3THE UKRAINIAN WEEKLY SUNDAY, NOVEMBER 4, 2012No. 45
Whistleblower’s return on eve of elections sparks debate in Ukraine
by Dmytro Shurkhaloand Robert Coalson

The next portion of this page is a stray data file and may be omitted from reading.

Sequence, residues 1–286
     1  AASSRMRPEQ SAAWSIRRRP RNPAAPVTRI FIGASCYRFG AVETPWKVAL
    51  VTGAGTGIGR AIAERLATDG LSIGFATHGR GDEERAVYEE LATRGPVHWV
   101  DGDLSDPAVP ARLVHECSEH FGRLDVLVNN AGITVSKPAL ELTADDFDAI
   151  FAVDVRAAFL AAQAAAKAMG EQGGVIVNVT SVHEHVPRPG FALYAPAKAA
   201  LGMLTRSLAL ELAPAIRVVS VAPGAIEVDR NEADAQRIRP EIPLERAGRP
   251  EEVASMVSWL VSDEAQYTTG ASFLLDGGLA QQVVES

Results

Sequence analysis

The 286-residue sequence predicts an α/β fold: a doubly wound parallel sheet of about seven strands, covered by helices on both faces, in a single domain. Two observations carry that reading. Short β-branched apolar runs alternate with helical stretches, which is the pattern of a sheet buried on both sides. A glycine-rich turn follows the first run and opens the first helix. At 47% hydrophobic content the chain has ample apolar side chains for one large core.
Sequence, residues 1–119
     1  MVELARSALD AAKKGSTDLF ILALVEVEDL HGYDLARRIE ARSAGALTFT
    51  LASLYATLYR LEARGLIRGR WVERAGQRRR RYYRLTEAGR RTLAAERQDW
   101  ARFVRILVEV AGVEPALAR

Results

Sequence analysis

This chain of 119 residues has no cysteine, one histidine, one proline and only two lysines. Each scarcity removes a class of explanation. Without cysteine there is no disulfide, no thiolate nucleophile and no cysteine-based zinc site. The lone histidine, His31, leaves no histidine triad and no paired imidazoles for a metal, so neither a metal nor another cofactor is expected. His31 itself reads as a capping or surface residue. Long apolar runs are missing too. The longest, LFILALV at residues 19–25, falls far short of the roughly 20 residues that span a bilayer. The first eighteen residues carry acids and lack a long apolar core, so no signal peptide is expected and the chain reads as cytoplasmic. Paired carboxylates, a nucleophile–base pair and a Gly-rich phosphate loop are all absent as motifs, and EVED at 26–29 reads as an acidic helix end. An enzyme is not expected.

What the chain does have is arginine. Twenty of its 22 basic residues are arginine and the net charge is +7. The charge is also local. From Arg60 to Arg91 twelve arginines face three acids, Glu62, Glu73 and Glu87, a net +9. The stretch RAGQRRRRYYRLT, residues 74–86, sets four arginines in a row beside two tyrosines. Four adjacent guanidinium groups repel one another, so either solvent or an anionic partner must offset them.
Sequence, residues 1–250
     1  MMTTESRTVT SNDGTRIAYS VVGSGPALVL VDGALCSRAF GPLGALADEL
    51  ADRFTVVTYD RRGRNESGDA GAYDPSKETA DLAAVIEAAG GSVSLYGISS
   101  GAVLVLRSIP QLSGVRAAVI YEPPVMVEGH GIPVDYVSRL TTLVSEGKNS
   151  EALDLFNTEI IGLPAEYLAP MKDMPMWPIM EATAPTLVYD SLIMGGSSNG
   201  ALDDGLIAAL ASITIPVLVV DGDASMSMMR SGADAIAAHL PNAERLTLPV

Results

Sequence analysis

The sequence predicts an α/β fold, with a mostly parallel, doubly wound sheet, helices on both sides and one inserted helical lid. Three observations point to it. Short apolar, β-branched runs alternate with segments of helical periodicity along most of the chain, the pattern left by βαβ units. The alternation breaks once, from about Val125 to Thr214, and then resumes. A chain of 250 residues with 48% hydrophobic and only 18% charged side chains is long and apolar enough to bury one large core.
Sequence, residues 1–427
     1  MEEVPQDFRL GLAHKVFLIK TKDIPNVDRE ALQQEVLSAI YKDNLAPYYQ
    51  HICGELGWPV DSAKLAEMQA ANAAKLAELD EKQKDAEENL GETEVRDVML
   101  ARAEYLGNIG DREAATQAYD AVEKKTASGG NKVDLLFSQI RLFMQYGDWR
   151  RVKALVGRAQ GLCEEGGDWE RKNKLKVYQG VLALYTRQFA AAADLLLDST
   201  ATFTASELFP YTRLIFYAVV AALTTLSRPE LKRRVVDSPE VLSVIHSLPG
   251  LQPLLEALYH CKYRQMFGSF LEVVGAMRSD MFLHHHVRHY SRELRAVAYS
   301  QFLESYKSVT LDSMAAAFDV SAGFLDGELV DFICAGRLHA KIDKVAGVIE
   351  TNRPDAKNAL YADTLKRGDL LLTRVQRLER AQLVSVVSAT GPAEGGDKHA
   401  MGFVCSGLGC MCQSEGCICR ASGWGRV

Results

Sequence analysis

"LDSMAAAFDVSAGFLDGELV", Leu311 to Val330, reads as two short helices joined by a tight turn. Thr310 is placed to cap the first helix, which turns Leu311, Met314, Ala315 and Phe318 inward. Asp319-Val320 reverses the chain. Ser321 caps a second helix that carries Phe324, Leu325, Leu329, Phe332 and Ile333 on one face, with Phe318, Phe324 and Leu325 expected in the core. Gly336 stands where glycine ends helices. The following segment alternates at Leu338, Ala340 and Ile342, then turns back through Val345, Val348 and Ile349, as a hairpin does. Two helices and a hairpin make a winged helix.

KYIV – For over a year the Ukrainiangovernment has been trying to get itshands on former presidential bodyguardMykola Melnychenko, who is wanted oncharges of revealing state secrets, falsifyingdocuments and abuse of his position.But on October 24, the enigmaticintriguer appeared at Kyiv’s internationalairport, where he was promptly taken intocustody and whisked away.Mr. Melnychenko’s lawyer, MykolaNedilko, who was at the airport when Mr.Melnychenko arrived in Ukraine, was sur-prised by the arrest and coy about his cli-ent’s reasons for returning home.“The goal of his visit, I think, MykolaMelnychenko will announce himself. Iexpected that he would be detained, but not right away,” Mr. Nedilko said. “In the war-rant itself, the court sanctioned the arrest of Mykola Melnychenko and, also, noted that within 48 hours of his arrest, he will bebrought to court for a ruling on whether hewill be kept in custody or released.”There is no simple explanation for what Mr. Melnychenko might have been up to,showing up in Kyiv just days beforeUkraine’s October 28 parliamentary elec-tions. After all, having been granted politi-cal asylum in the United States in 2001, heseemed to be safely beyond Kyiv’s reach. InAugust, he was detained on an Interpolwarrant in Naples, Italy, but released dayslater.